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Joint press release issued by:
Logo: Federal Ministry for Economic Cooperation and Development Federal Ministry for the Environment, Nature Conservation and Nuclear Safety

Charter for the Future ONE WORLD – Our Responsibility: Germany needs to set an example on climate action


Logo: Charter for the Future ONE WORLD – Our Responsibility

02.07.2014 |

Berlin – German Environment Minister Barbara Hendricks and German De­vel­op­ment Minister Gerd Müller have high­lighted Germany's leading role in in­ter­national climate change mit­i­gation and ad­ap­ta­tion efforts. Speaking at an event on "Climate change and de­vel­op­ment – seizing op­por­tu­ni­ties worldwide", they noted that the in­dus­tri­al­ised coun­tries of the West, and above all Germany with its know-how and knowledge on environmental and energy technology, had outstanding answers to global climate challenges.

The Ministers pointed out that Germany wanted to continue to be a leader in this field. The German gov­ern­ment would thus increase its financial contribution to in­ter­national climate action to 1.8 billion euros, they said. 90 per cent of this funding comes from the budget of the Federal Ministry for Economic Co­op­er­a­tion and De­vel­op­ment (BMZ) and will go towards projects worldwide that contribute directly to climate change mitigation and adaptation. Assistance ranges from investment in renewable energy and energy efficiency to support for sus­tain­able farming practices, watershed de­vel­op­ment, the protection of par­tic­u­lar­ly vulnerable infrastructure, for instance through coastal protection and urban de­vel­op­ment, all the way to forest fire prevention.

Environment Minister Hendricks said, "We urgently need progress on in­ter­national climate policy. But we also want to get involved in places where coun­tries are unable to cope with the challenges of climate change on their own. Germany has a key role to play in this regard. We need to develop a global vision for an economy that safeguards prosperity while at the same time respecting our planet's ecological boundaries. Environmental protection is part of the answer when it comes to reducing pov­er­ty and giving future generations a chance to enjoy better lives in an intact en­vi­ron­ment."

De­vel­op­ment Minister Müller said, "We need to redouble our efforts for climate change mitigation. Otherwise we will be leaving a terrible legacy to future generations. We have the technological answers, and we will share them with our partner coun­tries through our co­op­er­a­tion programmes. But we also need to change our way of thinking and redefine what prosperity means – and this par­tic­u­lar­ly includes us here in Germany. What can we do in our day-to-day lives to protect the global climate and the en­vi­ron­ment? This is a question we should be asking ourselves when it comes to the way we travel to work and to the way we shop. It is our One World, a liveable world, for which we are jointly assuming re­spon­si­bil­i­ty – and that is what our current debate about a Charter for the Future is all about."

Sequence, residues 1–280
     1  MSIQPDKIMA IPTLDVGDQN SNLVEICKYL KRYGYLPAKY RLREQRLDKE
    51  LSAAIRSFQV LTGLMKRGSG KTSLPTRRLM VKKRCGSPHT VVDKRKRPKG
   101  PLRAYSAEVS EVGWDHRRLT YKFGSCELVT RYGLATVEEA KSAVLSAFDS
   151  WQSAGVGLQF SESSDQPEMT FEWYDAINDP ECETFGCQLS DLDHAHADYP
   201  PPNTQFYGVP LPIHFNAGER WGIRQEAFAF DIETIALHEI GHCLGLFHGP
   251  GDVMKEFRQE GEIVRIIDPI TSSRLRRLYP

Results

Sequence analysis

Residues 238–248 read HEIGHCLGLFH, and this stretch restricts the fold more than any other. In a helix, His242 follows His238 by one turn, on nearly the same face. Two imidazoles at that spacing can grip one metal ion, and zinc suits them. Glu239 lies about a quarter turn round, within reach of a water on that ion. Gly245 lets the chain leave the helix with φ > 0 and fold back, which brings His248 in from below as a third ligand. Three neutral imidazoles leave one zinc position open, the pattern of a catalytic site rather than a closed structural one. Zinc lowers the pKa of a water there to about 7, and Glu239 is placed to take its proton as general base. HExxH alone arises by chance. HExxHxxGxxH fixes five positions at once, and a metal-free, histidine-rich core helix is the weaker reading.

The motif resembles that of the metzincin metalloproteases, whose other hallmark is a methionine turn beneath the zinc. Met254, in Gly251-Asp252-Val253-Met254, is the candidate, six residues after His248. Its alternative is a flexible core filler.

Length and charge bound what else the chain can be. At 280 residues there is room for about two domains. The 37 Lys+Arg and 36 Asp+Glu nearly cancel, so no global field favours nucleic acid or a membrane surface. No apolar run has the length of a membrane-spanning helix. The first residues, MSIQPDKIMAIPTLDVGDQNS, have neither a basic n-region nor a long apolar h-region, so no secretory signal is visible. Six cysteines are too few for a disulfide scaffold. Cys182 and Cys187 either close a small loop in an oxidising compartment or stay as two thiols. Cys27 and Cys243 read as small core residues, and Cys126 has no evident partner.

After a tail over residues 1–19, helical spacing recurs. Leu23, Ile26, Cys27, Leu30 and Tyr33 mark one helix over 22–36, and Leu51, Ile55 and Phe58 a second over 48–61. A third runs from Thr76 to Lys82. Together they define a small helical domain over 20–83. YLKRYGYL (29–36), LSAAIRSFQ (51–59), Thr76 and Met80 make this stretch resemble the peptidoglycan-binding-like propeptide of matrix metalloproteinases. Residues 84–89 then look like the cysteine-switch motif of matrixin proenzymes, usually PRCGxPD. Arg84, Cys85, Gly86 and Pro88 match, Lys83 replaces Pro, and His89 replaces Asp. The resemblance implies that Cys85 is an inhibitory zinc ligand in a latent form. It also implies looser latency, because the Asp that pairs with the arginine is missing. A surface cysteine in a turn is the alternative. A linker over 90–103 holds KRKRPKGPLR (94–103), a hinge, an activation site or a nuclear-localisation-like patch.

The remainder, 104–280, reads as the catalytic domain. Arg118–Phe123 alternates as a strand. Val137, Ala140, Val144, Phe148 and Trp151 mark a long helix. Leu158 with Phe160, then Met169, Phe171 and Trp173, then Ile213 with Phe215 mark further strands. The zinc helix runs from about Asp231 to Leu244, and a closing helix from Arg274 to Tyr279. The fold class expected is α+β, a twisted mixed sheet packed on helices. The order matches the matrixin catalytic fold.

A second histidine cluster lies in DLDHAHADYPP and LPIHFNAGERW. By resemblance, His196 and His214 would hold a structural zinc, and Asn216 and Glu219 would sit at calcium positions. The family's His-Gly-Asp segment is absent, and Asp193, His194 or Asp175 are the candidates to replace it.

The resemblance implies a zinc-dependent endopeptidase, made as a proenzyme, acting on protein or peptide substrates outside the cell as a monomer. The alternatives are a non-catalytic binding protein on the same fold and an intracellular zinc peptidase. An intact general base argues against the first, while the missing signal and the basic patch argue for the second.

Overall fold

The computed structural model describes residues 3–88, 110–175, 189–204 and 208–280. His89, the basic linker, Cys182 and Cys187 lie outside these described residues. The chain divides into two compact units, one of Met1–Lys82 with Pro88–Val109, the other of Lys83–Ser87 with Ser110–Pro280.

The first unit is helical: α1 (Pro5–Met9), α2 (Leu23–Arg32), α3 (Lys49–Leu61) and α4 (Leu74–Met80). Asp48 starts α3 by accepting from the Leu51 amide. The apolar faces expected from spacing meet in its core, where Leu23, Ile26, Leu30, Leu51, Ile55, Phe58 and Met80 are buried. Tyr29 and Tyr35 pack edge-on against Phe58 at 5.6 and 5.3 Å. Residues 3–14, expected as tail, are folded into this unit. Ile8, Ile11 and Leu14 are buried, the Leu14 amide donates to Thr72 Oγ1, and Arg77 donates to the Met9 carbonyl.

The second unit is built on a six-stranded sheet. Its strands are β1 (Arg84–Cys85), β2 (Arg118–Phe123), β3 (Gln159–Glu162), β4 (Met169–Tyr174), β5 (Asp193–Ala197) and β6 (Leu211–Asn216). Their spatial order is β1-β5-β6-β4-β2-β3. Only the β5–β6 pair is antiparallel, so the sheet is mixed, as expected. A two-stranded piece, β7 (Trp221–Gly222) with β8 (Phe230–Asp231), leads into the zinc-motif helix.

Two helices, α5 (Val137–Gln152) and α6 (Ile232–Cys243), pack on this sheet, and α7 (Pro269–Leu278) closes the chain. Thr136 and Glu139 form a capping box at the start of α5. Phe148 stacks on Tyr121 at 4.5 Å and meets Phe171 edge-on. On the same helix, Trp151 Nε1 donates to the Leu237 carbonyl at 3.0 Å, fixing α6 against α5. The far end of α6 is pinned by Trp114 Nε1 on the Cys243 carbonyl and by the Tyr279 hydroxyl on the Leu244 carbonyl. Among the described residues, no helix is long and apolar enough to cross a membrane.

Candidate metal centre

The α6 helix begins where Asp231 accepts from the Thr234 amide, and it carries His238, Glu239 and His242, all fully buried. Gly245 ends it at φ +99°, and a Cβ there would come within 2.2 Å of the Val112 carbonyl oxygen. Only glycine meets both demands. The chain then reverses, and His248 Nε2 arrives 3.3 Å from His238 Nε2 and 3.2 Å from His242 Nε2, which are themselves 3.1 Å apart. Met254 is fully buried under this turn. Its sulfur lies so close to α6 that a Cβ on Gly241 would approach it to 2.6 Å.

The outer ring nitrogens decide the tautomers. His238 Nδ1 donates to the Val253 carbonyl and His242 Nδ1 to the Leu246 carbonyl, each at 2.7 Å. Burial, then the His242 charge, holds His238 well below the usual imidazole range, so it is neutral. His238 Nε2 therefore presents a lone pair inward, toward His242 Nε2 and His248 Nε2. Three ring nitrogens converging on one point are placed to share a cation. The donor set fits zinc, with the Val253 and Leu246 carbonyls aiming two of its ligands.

The event on "Climate change and de­vel­op­ment – seizing opportunities worldwide" was the starting point for the debate about the environmental dimension of sustainability. That discussion is part of the process for a Charter for the Future entitled ONE WORLD – Our Responsibility. Tomorrow, it will continue with an expert meeting at Biosphere Potsdam (an indoor tropical garden). Other thematic fora within the framework of the Charter for the Future are taking place in parallel in Nuremberg and Hanover. For information (in German) about all the events, visit www.zukunftscharta.de.

Background information on the Charter for the Future

At the initiative of German De­vel­op­ment Minister Gerd Müller, a Charter for the Future will be drawn up in the period up to November 2014. It will be entitled ONE WORLD – Our Responsibility. The Minister is engaged in a debate with the public about universally binding de­vel­op­ment goals. The process involves numerous events at the federal level, the level of federal states (Länder) and the municipal level. The drafting process started in April at the BMZ and will end on 24 November in Berlin, when Federal Chancellor Merkel and De­vel­op­ment Minister Müller will jointly be presenting the Charter to more than 3,000 attendees.

In addition to the large number of national thematic fora and discussion rounds, all citizens have a chance to voice their views online on www.zukunftscharta.de (in German). The Ministry is de­vel­op­ing the Charter together with civil society, academia, the churches and the private sector. The Charter will thus provide a basis for action for all players in Germany with regard to 2015, which will be a significant year for de­vel­op­ment. Germany intends the Charter to be a special contribution to the further de­vel­op­ment of the United Nations Millennium De­vel­op­ment Goals, referred to as the post-2015 process.

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